What to do with Mom’s China?

Most wills have special provisions covering what estate and trust lawyers call tangible personal property. The best way to describe it is that it includes anything that is not permanently affixed to real estate and that can be touched. This ...
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Recent IRS Announcements: Inflation-Adjustments, Trust Deductions, and Anti-Clawback Proposed Regulations

The IRS has recently issued three significant updates. They include a Revenue Procedure, a Notice, and Proposed Regulations. The first, Rev. Proc. 2018-57, released Nov. 15, 2018, provides the inflation-adjusted numbers for various tax exemptions, limits, etc. Four major ones ...
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Giving Gifts to Charity

Last week’s post discussed gift-giving in general with a promise to look more closely at gifts to charity. Gifts to charity aren’t governed by the gift tax rules but by the income tax rules. Essentially, giving to charity is deemed ...
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‘Tis the Season: Giving Gifts

As the year-end holidays approach, many of us are thinking about giving gifts to our family, friends, charities, and even our employees. Tax law has rules that affect this generosity. In the tax law, a gift is marked by “detached ...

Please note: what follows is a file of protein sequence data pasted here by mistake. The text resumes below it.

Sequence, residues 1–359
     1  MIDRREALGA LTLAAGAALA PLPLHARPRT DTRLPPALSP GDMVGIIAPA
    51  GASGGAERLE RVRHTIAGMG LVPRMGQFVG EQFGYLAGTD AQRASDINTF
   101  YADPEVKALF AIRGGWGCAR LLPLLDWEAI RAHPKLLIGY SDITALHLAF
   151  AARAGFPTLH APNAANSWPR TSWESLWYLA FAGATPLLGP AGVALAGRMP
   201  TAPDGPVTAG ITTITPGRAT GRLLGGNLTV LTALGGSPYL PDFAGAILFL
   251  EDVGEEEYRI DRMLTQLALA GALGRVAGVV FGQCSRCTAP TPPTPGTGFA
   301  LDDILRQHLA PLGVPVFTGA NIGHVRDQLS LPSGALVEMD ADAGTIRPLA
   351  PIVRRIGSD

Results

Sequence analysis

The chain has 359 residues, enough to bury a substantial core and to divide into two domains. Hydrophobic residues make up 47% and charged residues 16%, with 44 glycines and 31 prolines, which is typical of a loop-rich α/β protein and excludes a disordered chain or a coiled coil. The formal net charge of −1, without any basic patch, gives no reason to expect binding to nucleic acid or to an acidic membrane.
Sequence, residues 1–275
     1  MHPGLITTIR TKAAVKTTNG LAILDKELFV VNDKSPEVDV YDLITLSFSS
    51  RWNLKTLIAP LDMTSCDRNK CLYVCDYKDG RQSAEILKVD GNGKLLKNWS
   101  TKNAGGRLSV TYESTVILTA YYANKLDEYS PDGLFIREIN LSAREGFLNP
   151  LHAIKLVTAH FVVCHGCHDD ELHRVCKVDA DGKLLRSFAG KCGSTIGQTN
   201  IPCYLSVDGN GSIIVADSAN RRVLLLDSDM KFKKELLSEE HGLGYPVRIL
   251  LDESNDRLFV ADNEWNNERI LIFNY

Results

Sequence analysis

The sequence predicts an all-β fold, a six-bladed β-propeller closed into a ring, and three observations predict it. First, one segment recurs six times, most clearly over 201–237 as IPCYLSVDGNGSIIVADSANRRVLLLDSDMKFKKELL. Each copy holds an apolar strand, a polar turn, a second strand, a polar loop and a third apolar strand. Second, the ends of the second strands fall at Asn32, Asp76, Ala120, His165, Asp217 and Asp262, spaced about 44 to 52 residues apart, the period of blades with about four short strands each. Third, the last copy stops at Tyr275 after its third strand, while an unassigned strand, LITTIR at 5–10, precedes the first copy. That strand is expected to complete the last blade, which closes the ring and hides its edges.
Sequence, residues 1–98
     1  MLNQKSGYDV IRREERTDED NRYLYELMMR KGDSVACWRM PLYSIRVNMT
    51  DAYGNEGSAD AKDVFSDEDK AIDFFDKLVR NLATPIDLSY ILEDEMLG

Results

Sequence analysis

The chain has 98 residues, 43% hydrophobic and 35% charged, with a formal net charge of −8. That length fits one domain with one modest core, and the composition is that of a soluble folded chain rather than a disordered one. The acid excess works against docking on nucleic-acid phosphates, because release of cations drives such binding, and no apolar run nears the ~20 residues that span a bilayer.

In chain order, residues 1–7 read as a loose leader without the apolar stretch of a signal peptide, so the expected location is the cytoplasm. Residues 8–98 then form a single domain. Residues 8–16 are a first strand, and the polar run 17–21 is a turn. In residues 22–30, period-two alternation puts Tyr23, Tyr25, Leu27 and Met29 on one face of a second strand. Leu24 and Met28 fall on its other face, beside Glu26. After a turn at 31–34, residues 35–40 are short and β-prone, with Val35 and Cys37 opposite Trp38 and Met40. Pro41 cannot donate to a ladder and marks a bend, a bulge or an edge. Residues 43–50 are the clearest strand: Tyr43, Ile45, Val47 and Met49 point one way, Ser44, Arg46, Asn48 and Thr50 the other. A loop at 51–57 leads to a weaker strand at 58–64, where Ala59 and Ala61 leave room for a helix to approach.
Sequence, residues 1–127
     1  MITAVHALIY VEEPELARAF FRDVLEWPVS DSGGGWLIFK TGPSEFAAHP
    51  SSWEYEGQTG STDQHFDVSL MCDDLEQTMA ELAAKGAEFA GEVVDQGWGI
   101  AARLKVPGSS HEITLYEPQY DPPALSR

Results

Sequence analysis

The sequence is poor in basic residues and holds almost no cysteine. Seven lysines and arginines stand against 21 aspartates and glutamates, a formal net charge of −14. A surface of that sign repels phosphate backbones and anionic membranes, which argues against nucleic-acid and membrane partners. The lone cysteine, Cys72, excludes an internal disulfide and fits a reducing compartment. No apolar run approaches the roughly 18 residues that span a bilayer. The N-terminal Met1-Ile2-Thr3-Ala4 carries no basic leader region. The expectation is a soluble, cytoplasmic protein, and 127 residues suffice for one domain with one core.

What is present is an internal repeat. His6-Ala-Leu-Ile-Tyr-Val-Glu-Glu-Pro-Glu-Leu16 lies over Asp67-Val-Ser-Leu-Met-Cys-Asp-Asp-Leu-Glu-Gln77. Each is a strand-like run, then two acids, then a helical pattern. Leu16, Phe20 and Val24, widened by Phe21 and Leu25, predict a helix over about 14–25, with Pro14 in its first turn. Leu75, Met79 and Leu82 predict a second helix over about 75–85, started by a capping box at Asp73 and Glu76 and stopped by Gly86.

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Domestic Asset Protection Trusts

DAPTs are trusts established under the laws of a state such as Delaware, Nevada, South Dakota, Tennessee, Ohio, or Alaska that allows self-settled spendthrift trusts. Historically, one could not protect one’s own assets from one’s own creditors by transferring them to ...
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Some Types of Irrevocable Trusts

Last week’s post discussed the differences between revocable and irrevocable trusts. This week, we turn our attention to types of irrevocable trusts. There are too many to describe here but some of the most popular follow:
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What’s the Difference between Revocable and Irrevocable Trusts?

The simplest way to explain the difference is that a revocable trust is one you can change and an irrevocable trust is one you can’t change. To be more precise, an irrevocable trust is one you can’t change easily. In ...
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Cybersecurity: Is Client Data Safe?

October is National Cybersecurity Awareness Month and lawyers should be paying attention to the need to protect their clients’ data. In fact, the Kentucky Bar Association released Ethics Op. E-446 on July 20, 2018, affirming the lawyer’s ethical duty to ...
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How often should I review my will and the rest of my estate plan?

Clients often ask how frequently they should review their estate planning documents. The answer varies. One should review them after any major events in a family’s life, such as a birth, marriage, change of employment, retirement, divorce, or death. After ...
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What Really Happens in Probate? Part Three

The preceding two articles talked about getting appointed by the probate court and marshalling the estate assets and paying creditors’ claims. This article will discuss paying taxes, paying the beneficiaries, and closing the estate. Estates must pay income taxes if ...
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